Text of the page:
“Dad was first aider and trainer for Woodbridge Town Football Club for many years. I can remember times when he treated broken legs, and the many occasions when footballers came to our house for medical treatment.

“Dad was also first aider for Eastern Electricity where he worked as an Electrical Linesman until his retirement.

“Dad always volunteered his services readily. He was often seen at various fetes wearing his Red Cross uniform and on hand for any emergencies. He was given a medal by the Red Cross for long service.

“On one occasion at a Red Cross fete in Woodbridge (I believe the date to be around 25 June 1983), he saved the life of a 20 month old baby who had fallen into a pond. Dad came to the rescue and gave mouth to mouth. With dad’s great skill, wonderfully, the baby survived. Her family kept in contact with dad over the years.

“Unfortunately dad passed away many years ago, and by then the baby had grown into a lovely young lady, and she asked if she could say a few words at the funeral. “Without dad she would not be here today. He was our hero. Dad was presented with a Police Commendation.

Thank you. Your photo brought back many happy memories, and a few sad ones as dad is no longer with us.”

Another footballing picture sparked memories for Lloyd Cobbold, of Old Newton, who wrote about an image of Stow Falcons Under 10s taken in September 1982.

“This season was to be our first together and it ended up being a very exciting year, winning the league, two cups and narrowly losing (7-0) in the semi final of the EASY Cup ( East Anglian Sunday Youth Cup).

“As the team line up we have manager Keith Hammond at the back, what an amazing person who now entering his 70’s is still as enthusiastic as ever and involved in youth football.

“In the back players row we have Darren Pleasance, Robbie Finbow, Graham Flack, Matthew Edgar, Lloyd Cobbold, Richard Collins, Jamie King and Jonathon Walton.

“Front row consists of Dean Munnings, Peter Cobbold, Scott Bennett, Steven (Pee-Wee) Pearce, Steven Cook and Adam Thorpe.

“I have fond memories of travelling all over the East Anglian Countryside in convoy where even on one occasion the lead cars bonnet took flight and ended up at the back of the convoy.

“We continued to be successful and remained together as a team from Under 10’s to Under 16’s with very few players leaving. Many of the players shown continued to play to a decent standard especially in the SIL league, with some continuing to my knowledge to play even now.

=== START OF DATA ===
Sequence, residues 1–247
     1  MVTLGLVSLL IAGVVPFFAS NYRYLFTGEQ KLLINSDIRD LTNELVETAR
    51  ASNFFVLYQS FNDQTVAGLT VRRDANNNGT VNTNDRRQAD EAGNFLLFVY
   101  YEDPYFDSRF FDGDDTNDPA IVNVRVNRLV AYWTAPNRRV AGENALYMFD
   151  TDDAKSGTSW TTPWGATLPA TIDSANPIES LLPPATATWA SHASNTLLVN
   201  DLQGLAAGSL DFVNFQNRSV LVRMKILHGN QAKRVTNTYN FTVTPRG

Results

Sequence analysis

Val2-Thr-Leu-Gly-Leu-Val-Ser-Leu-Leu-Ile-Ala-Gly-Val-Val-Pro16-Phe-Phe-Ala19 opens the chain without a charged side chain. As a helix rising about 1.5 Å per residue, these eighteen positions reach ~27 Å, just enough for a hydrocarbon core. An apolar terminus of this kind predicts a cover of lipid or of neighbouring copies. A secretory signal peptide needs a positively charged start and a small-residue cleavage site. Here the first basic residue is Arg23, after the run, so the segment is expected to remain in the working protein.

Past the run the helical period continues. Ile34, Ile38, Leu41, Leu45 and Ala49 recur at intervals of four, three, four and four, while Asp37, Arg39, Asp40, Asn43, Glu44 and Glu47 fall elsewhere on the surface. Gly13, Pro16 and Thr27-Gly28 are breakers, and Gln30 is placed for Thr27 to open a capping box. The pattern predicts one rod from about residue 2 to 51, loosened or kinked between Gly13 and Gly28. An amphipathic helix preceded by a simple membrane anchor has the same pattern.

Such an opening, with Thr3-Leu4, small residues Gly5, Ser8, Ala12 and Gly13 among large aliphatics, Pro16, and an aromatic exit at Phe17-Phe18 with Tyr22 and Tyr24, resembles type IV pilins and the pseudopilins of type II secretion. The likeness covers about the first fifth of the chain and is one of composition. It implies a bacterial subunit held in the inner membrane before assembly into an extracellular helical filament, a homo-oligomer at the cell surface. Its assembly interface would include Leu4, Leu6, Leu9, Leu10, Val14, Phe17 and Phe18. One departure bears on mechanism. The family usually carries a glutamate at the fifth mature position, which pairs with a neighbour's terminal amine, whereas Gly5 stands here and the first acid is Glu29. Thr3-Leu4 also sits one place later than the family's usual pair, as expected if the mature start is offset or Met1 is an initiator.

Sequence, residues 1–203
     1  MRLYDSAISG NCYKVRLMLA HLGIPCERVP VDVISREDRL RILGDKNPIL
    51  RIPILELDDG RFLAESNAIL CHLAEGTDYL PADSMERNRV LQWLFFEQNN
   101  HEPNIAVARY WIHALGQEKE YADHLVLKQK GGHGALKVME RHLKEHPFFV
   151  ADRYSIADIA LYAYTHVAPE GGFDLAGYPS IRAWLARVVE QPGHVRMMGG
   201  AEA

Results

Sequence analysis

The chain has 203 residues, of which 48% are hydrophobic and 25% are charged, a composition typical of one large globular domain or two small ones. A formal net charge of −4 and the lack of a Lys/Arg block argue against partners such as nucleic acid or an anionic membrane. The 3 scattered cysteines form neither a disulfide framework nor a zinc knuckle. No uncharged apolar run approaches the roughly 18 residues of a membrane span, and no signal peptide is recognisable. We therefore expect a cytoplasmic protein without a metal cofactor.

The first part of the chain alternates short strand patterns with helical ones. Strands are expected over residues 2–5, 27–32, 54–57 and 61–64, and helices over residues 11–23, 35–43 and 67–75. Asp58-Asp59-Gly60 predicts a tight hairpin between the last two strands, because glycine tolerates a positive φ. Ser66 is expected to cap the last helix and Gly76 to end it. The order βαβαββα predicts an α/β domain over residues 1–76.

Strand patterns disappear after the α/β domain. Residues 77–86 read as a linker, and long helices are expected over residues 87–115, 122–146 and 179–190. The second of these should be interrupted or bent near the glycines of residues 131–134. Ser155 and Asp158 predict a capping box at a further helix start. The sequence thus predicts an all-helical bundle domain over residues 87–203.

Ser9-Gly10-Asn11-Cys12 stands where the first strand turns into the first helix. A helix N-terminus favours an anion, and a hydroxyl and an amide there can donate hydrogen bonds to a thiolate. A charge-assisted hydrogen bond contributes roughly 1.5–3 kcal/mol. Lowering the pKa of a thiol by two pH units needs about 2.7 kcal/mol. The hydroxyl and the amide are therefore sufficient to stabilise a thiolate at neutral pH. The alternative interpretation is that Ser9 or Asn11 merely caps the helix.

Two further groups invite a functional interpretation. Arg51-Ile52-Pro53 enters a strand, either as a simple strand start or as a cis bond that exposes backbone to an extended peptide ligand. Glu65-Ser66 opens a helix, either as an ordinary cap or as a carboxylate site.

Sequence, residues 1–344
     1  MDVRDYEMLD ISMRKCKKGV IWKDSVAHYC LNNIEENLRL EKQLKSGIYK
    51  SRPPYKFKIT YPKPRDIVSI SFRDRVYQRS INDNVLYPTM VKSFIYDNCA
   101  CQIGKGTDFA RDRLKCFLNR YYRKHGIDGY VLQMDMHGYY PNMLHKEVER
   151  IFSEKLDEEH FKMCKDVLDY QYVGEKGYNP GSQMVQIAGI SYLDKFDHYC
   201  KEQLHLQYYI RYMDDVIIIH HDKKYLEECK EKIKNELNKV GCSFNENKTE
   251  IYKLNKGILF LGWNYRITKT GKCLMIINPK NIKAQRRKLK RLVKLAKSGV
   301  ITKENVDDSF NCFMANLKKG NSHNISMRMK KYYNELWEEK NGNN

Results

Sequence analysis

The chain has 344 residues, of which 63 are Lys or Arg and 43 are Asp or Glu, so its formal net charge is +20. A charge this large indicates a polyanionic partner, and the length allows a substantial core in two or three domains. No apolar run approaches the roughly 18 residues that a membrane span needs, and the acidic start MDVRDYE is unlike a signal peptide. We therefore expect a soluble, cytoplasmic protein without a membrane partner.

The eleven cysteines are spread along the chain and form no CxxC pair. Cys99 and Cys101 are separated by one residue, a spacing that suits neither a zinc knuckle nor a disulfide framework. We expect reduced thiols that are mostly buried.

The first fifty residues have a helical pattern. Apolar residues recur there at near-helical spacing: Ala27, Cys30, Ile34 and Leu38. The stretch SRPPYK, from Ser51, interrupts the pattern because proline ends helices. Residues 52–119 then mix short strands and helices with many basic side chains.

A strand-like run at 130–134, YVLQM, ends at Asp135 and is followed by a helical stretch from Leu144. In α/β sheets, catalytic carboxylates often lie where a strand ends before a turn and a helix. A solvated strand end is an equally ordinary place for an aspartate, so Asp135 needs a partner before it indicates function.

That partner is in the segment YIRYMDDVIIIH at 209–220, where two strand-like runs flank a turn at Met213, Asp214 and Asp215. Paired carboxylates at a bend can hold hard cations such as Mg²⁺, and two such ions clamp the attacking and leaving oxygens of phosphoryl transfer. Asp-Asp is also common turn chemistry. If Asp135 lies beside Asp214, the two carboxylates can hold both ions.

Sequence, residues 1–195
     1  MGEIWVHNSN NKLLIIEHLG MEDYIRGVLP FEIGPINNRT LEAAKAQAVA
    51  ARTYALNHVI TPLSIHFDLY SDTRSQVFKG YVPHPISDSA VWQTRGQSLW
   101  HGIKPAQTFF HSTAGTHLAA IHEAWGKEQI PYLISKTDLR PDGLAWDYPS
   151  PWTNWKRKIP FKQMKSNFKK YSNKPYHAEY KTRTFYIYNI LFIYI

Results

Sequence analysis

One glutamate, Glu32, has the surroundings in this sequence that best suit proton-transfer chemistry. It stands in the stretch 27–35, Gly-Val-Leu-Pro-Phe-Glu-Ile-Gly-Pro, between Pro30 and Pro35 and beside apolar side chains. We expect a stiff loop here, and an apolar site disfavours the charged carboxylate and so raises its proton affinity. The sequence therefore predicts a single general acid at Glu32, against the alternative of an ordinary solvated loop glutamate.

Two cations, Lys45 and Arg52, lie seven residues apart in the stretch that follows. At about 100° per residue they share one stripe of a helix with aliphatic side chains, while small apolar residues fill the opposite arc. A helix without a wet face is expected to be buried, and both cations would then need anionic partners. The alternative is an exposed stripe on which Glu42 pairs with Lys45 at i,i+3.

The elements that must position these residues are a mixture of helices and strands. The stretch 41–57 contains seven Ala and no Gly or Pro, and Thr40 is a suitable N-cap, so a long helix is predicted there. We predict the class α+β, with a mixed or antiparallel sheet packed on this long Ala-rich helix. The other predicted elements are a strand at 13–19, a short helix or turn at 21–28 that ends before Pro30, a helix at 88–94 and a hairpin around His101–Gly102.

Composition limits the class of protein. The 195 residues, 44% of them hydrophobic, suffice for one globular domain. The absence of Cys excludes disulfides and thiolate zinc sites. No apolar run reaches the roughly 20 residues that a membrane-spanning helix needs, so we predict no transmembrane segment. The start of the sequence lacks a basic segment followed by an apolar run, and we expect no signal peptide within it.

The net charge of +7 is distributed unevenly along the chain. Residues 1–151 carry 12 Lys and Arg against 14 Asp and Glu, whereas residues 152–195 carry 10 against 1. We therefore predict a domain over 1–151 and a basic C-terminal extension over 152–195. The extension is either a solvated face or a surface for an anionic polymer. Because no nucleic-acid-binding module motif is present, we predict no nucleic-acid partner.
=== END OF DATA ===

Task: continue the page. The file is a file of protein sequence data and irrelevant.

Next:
“Thanks for the memories,” he added.

“Leiston Gala was the highlight of the town’s summer programme,” said Mrs E Chapman, of Bacton, in response to a photo of the 1985 gala. “Having a lifelong interest in dogs (animals in general) I organised exemption dog shows for such events.

“The girls’ parents are known to me, unfortunately I cannot remember her christian name. She walked in the procession with her dog who was Haizemarsh Hazard, a Bernese mountain dog. Big dogs but gentle and kind.

“The cart is a genuine Swiss cart, originally used to carry produce to the towns in the Berne area of Switzerland. Handler and dog eventually took part in the dog show.”

The people marching in the Battle of Britain Parade through Bury in 1965 were all members of the Suffolk Fire Service Drill Squad, passing the Saluting Dias on the Angel Hill, said Mike Hickford, of Clare.

He spotted the picture in Flashback and said: “They are left to right: Station Officer Terry Auld, Fm Cyril Burry, believed to be Fm Locke, Myself, L/Fm Mike Hickford - still serving as Brigade Standard Bearer, believed to be Fm Paul Brown, (Lowestoft) Fm Murrow (Jun), Fm Murrow (Snr).

“The drill squad now consists of a Colour Party only - usually a Standard Bearer and two escorts, still parading at various fire service events around the county and also at funerals of ex fire service personnel.”

Anf finally, Pat Nash, of Elmswell, spotted her brother in Flashback.

“In your flashback picture “What Am I Bid”, the sheep sale at Ingham, I recognised my brother, Stephen Cobbald, of Acton Hall, who is the young man in the centre of the photograph, between the two gentlemen wearing caps and behind the auctioneers catalogue. He started breeding sheep in his early teens and is still doing so today, 50 years later!”